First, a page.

We gave UG students examination feedback by allowing them to view their marked unseen written examination scripts, with full solutions available in advance and with the examiners present at the sessions.
The target audience for this pilot was 2nd year students taking mathematics examinations in summer 2017/18.
It was a Department meeting decision to allow students to view 2nd year course examination scripts as a pilot to give students feedback on their examinations.
Candidate email addresses were downloaded from SITS for each course offered. Dates were set for the script viewing sessions over three weeks when examiners were available to attend the sessions in MT weeks 2-4 to comply with Academic Code reporting requirements. There were no alternative dates.
Students were invited by email to book a place at the session for the exam(s) they had taken:
The Department of Mathematics is going to run a pilot whose goal is to enable students to see their exam scripts in some courses and compare them with model solutions and/or exam commentaries (which are/were available from Moodle). Because of a large number of exam papers and scripts involved, we need to put the following restrictions in place:
-You may only view scripts from 2018 exams for the following courses: MA203, MA208, MA209, MA210, MA211, MA212 and MA231. The viewing days are
- October 10 for MA209, MA210 and MA211,
- October 17 for MA203, MA208, MA212, and
- October 24 for MA231.
-You must book your place by replying to this email with your candidate number for 2017/8 so that we can prepare your scripts. You will then be given an appointment with the time and place. There will not be any alternative times. The deadline to book your appointment is Monday 8th Oct at 12.00 noon.
-Script viewing is under exam conditions (see Exam procedure below, e.g. no phones, smart watches, stop watches, e-readers, tablets or other electronic devices), we will provide pens and paper. https://info.lse.ac.uk/current-students/services/assets/documents/examination-procedures-for-candidates.pdf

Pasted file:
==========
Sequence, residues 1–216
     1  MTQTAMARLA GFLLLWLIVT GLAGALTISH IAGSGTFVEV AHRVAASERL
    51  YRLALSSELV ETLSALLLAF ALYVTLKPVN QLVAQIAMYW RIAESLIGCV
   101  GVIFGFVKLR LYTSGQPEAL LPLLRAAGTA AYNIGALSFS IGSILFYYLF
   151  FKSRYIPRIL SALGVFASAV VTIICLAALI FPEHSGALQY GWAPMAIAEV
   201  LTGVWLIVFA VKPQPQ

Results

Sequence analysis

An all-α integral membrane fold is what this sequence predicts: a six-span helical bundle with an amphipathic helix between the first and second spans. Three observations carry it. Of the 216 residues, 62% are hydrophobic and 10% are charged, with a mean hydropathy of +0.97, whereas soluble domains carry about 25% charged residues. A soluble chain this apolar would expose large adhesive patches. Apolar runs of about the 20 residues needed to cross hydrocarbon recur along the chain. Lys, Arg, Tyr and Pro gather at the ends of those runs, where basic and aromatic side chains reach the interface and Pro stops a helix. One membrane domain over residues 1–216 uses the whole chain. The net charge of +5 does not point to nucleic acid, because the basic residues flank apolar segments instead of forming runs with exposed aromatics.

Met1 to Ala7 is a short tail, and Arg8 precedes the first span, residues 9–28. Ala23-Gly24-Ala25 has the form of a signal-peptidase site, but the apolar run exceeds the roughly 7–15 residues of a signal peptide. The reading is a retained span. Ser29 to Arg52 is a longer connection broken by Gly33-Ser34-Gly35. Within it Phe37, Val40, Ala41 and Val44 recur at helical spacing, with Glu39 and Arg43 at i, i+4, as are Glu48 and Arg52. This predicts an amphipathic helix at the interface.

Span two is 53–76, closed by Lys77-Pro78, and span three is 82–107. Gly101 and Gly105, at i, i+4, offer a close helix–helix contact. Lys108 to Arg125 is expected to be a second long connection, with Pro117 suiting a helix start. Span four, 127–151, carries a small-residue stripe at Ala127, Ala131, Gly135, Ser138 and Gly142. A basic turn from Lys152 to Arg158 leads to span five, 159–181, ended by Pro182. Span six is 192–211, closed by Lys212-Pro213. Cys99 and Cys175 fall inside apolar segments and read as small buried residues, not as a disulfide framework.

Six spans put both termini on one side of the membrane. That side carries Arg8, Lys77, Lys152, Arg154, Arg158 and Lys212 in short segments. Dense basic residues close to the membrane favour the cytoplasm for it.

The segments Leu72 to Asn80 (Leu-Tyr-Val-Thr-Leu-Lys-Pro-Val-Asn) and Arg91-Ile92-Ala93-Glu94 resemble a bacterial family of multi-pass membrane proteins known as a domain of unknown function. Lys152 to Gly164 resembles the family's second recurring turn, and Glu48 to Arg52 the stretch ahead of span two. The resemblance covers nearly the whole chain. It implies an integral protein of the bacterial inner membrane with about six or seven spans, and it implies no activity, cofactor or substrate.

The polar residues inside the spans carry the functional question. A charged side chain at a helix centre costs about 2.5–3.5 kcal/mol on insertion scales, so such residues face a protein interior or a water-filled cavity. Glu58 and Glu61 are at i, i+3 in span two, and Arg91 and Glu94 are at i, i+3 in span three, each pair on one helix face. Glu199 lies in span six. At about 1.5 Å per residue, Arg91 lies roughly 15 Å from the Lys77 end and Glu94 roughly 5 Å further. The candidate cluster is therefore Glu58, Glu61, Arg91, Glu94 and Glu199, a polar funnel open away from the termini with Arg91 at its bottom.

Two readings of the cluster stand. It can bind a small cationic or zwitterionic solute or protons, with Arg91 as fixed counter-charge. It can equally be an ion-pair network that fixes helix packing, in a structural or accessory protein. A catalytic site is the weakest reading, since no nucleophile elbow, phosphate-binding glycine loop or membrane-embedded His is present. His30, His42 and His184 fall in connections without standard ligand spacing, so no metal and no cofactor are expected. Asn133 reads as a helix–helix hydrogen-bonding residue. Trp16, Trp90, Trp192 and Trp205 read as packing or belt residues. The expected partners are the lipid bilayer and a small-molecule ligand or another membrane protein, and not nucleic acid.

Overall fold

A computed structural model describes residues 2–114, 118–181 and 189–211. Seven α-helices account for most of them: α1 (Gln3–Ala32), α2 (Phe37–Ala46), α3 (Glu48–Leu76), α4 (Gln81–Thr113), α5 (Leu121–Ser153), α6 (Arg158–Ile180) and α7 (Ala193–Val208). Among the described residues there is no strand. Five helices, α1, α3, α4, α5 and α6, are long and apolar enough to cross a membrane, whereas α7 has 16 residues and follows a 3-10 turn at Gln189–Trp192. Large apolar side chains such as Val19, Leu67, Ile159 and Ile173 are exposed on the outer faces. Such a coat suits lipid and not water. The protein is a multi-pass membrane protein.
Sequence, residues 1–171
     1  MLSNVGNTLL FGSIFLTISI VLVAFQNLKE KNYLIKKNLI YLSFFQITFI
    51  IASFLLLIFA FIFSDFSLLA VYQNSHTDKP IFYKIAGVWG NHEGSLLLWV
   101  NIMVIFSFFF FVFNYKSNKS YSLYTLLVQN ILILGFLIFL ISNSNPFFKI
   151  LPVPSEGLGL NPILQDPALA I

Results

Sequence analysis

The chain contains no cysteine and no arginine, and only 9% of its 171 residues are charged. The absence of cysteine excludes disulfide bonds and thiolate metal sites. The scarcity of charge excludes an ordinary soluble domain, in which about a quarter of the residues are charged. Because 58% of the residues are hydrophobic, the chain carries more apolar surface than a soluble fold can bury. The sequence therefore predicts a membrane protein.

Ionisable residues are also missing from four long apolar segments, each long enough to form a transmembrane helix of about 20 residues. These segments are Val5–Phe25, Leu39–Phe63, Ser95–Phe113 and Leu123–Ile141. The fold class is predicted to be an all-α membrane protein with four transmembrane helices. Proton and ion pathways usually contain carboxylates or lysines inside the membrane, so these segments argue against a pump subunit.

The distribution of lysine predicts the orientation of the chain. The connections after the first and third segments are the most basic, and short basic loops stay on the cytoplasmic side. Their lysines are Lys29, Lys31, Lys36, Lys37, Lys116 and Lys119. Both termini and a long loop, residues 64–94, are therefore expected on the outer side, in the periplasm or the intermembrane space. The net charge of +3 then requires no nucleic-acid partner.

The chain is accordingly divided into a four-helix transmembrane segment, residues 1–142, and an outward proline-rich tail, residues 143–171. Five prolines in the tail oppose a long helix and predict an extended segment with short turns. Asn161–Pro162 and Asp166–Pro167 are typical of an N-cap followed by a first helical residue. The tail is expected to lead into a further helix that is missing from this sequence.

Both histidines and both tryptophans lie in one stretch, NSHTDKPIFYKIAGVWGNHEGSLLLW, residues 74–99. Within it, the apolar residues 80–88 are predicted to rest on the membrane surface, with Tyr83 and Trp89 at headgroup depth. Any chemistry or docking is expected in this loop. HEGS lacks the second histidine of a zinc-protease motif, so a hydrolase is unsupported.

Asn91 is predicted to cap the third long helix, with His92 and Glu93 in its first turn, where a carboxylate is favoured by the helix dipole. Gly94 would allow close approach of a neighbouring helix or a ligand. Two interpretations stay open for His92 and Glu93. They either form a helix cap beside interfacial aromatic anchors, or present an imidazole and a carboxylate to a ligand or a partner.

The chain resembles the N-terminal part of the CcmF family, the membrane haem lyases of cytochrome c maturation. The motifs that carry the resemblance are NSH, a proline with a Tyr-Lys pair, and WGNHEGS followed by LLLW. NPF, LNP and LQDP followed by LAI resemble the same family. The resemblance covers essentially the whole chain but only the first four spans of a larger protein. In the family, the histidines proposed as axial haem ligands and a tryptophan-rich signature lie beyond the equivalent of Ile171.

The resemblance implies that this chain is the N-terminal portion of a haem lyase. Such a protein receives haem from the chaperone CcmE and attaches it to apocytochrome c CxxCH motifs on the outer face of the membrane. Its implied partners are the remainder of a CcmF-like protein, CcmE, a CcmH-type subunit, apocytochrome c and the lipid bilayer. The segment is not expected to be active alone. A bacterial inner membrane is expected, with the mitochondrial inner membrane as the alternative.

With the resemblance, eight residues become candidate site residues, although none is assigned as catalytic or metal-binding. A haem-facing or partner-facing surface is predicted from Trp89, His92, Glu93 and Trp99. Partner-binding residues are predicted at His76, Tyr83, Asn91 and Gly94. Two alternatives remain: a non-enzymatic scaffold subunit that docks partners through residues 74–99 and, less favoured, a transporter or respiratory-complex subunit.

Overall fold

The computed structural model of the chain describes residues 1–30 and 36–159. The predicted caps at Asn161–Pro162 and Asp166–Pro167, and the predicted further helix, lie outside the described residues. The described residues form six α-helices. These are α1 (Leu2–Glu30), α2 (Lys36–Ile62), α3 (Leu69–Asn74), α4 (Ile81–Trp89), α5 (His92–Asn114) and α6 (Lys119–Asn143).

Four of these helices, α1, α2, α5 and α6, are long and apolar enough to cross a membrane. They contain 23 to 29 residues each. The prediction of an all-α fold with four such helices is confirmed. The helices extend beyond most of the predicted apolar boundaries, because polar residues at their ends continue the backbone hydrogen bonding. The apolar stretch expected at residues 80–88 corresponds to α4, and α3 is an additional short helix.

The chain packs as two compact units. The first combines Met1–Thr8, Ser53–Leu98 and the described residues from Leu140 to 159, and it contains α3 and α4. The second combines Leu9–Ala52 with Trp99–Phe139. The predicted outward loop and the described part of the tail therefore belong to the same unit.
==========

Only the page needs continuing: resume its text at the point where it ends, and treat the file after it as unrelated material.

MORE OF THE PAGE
I hope you find this pilot useful and informative. However, keep in mind this is meant to be a viewing session. The School (and the Department) is confident that its approach to the marking of students' summative work is sufficiently robust and you are not able to call into question the academic judgement of the Board of Examiners. There is no provision, therefore, for summative work to be re-marked.
Jozef Skokan, Deputy Head (Teaching), Department of Mathematics, LSE
We made 20-minute appointments allowing 4 students at one time to view their script along with the examiner. For MA212 (around 300 students) three examiners were present. The take–up across all sessions offered was roughly 8% of students: 60 appointments booked out of a possible 743. We retrieved the scripts beforehand and gave them to the examiners so that they could look through them before the appointments.
The motivation was students’ requests to see their marked examination scripts, and to give feedback to continuing students as required by the Academic Code.
After our script viewing experience this year, it became apparent that students do not understand how faculty mark examination scripts until they actually see them: neither how carefully, nor what does and does not get marks. For example: one student asked why there were lots of green ticks. Once explained that the green ticks were from the second marker, they seemed genuinely surprised and impressed that there was a detailed checking process. Hopefully script viewing opportunities will help to develop students’ understanding. It was mostly high-achieving students who reviewed their scripts. We observed that the experience was very useful for the students who came to see their scripts but it was also useful to faculty to get feedback from students on the gaps in their understanding of the assessment process.
The most common questions were, "Why didn't I get full marks for this?" (usually the right answer, but with little or no explanation given) and "Why is this wrong?" (usually for questions where candidates were asked to give a definition of some property, and instead they gave a method or theorem to check for that property). Once explanations were given by faculty markers, the students accepted the explanations.
We will offer the opportunity again for 2018 second year unseen written examinations and possibly include one of our large 1st year courses. We established GDPR regulations on handwritten assessed work and subsequently gained permission from a number of students on one course to scan and anonymize their script and make it available on Moodle to the next cohort as a learning resource to show how scripts are marked. We will only invite continuing UG students as graduates do not seem to be interested in returning to do this, and the School is keen for us to give feedback to progressing students.
This was a very worthwhile exercise and we encourage other Departments to try it. We have very little spare space in the Department, so storing the scripts for so long can be a problem. This year we held all our exam scripts back, but in 2018 we will send the scripts of the courses we are not providing script viewing sessions for back to the exams office, and only keep the scripts necessary for the script viewing sessions.